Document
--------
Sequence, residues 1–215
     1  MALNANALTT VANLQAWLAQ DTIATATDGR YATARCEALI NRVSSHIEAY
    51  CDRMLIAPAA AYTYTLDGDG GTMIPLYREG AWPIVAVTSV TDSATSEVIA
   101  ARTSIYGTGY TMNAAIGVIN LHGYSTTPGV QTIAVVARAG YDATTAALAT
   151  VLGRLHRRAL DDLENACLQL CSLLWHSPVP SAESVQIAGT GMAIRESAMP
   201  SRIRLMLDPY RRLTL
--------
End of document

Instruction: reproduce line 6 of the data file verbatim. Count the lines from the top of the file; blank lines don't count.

   201  SRIRLMLDPY RRLTL